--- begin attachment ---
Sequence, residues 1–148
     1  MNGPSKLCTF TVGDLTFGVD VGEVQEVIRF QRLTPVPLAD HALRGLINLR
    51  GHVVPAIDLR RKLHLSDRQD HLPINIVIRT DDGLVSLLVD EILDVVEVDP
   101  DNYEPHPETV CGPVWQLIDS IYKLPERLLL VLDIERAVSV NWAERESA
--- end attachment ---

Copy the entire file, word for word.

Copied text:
Sequence, residues 1–148
     1  MNGPSKLCTF TVGDLTFGVD VGEVQEVIRF QRLTPVPLAD HALRGLINLR
    51  GHVVPAIDLR RKLHLSDRQD HLPINIVIRT DDGLVSLLVD EILDVVEVDP
   101  DNYEPHPETV CGPVWQLIDS IYKLPERLLL VLDIERAVSV NWAERESA